Making a transparent case

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Our monthly Adjudication Digest takes a recent decision by a TDS Adjudicator and sets out the reasoning behind it, to help you better understand how we make our adjudication decisions.Click here for the archive of our monthly Adjudication Digest

In this month’s case a landlord claimed £327.00 for damage to his patio doors.  This claim was in two parts: the cost of initially making the door safe (£102.00) and then replacing glass and adjustments (£270.00).

 Award made -  Tenant: £327.00   Landlord: £0.00

No damage was noted to the patio doors in the check-in report – although little else was said about their condition. The check-out report states that the inner glass panel to one of the patio doors was missing and there were remnants of broken glass where it had been. The door did not close properly and was loose in its mounting.

The tenants say that the door blew in during a storm and was faulty at the start of the tenancy. They reported this to the agents and say that the contractor who came out to make the door safe agreed that the tenants were not to blame for the damage, although the adjudicator was not presented with any further evidence to support these statements. 

The landlord provided details of an inspection report, which suggested that considerable force would have been required to cause the damage. No copy of the report itself was provided, only an extract quoted by the landlords in a letter to the tenants.  The tenants had asked the landlord to provide the original report but this was not forthcoming.

Both parties produced a copy of the invoice for ‘making safe’ the patio door. It included on it a statement from the contractor that “this door is old and in poor condition and we would not quote to repair only replace”. The landlord argued that this showed that the damage was so extensive that replacement was the only reasonable option, and that the damage could only have been caused by the tenants.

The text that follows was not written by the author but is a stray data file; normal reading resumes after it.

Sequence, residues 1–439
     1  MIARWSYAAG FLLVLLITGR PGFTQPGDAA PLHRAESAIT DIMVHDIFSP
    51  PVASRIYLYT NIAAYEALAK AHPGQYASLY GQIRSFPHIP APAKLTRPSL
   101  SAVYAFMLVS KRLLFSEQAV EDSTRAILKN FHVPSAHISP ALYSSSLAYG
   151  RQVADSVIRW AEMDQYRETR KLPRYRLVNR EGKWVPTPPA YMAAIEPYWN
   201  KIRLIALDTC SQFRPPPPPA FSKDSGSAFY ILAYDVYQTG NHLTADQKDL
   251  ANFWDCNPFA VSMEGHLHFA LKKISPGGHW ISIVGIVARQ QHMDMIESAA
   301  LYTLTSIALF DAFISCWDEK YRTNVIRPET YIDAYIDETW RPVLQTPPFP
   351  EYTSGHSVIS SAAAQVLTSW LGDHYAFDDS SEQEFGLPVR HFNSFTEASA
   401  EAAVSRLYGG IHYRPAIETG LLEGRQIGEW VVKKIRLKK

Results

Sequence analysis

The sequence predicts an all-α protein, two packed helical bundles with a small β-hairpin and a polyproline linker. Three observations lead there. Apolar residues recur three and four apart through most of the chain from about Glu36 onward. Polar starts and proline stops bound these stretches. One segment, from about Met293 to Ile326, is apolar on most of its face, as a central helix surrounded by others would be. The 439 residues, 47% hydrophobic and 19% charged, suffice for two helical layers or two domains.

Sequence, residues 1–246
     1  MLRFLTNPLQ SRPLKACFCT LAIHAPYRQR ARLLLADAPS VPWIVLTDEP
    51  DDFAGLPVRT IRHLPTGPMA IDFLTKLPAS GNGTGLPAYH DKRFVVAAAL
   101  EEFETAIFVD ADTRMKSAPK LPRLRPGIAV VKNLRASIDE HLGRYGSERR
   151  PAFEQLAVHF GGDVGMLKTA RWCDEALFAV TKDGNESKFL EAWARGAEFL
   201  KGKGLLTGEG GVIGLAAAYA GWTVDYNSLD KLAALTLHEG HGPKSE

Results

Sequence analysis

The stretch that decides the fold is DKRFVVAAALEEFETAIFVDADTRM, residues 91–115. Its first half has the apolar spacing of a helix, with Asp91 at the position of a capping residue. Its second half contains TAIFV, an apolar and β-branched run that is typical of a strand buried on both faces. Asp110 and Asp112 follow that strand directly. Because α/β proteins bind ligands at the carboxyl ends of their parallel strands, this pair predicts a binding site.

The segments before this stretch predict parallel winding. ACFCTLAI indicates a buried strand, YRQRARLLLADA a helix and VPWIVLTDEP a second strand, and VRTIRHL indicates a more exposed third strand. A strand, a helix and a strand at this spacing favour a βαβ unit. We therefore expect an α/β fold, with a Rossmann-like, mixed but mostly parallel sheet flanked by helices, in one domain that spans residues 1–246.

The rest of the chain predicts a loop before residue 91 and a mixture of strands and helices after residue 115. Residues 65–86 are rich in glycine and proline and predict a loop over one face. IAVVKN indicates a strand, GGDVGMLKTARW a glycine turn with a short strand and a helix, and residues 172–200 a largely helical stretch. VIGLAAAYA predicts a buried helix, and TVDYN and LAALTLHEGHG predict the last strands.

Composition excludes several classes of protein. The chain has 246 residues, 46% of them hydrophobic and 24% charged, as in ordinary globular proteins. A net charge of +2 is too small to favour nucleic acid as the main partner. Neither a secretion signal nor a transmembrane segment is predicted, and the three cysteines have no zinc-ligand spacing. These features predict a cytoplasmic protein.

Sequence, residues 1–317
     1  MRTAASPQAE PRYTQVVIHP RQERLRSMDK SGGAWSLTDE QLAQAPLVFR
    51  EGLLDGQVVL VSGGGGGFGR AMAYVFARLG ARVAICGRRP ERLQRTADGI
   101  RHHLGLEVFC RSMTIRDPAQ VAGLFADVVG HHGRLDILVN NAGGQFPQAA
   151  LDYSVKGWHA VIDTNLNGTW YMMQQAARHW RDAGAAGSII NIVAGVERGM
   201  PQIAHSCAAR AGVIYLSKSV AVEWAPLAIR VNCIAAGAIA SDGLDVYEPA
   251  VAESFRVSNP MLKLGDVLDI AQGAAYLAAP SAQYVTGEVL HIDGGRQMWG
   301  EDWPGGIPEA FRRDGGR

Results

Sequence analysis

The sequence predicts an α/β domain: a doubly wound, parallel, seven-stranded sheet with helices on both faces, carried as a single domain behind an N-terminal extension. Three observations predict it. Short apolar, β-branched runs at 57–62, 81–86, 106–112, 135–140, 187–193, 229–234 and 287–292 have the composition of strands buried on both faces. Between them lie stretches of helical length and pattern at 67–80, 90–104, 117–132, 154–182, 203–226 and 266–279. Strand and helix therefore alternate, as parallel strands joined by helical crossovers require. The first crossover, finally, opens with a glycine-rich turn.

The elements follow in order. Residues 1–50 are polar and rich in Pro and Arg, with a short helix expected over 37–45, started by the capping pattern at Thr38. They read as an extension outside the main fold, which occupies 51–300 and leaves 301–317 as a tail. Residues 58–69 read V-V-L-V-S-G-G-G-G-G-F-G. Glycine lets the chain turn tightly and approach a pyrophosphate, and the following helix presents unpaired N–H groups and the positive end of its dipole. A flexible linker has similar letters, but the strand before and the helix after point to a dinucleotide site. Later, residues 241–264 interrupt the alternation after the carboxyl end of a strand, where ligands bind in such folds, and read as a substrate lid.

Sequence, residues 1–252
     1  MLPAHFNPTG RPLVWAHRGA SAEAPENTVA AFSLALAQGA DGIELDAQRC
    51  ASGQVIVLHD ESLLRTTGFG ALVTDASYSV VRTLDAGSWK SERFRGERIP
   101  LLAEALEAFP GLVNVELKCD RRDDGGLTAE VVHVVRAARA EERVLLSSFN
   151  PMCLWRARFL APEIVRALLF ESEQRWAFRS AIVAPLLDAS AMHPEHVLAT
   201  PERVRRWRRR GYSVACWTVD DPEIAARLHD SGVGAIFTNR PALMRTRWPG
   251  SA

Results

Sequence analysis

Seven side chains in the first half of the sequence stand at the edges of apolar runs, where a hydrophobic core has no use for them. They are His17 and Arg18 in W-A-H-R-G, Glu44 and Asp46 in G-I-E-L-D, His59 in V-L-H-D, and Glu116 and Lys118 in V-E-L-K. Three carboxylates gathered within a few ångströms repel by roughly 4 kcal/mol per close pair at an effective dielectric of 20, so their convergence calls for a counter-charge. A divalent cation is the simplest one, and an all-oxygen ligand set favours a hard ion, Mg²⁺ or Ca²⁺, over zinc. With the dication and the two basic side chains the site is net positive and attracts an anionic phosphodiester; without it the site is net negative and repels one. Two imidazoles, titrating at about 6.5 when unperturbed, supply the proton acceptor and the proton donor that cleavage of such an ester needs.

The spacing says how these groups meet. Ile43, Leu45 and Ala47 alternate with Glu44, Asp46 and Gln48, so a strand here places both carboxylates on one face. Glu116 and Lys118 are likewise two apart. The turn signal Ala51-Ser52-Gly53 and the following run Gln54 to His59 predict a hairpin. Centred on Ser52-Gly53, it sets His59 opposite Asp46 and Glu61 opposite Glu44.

The adjudicator was persuaded by the evidence that the patio door was old and not in good condition at the start of the tenancy. The check in report did not confirm its condition, and it seemed unlikely that the defects noted in the general age and condition of the door, noted by the contractor, occurred during what was a short tenancy. The adjudicator considered that this gave weight to the tenants’ claims about the door being damaged because it was faulty or ill-fitting.  In interpreting the contractor’s comments, the adjudicator considered that these meant that the door was past its best, rather than that the tenants were solely responsible for its condition. The evidence presented suggested that the door was likely to have needed replacement soon even if this damage had not occurred.

The adjudicator also considered the Landlord and Tenant Act 1985, which makes it the landlords’ responsibility to keep the structure and exterior of the property in repair, unless the need for repair arises because of the tenants’ failure to act “in a tenant-like manner”.  Faced with the evidence presented, the adjudicator could not conclude that there was enough to shift responsibility from the landlords to the tenants.   

So what are the key points here?

• Remember to make sure that check-in reports cover the property’s condition fully.  General or ‘overarching’ statements in inventory documents can be useful as a ‘catch-all’ – for example, to state that the property and its fixtures and fittings are in good condition unless otherwise noted.

• Where you intend to rely on something as evidence, produce the complete document. In this case, the landlord’s comment that considerable force was needed to damage the door was not helpful without seeing the original report referred to.

Mike Morgan is the Director of Dispute Resolution at TDS


Posted by Mike Morgan, Director of Dispute Resolution on 23 May 2014

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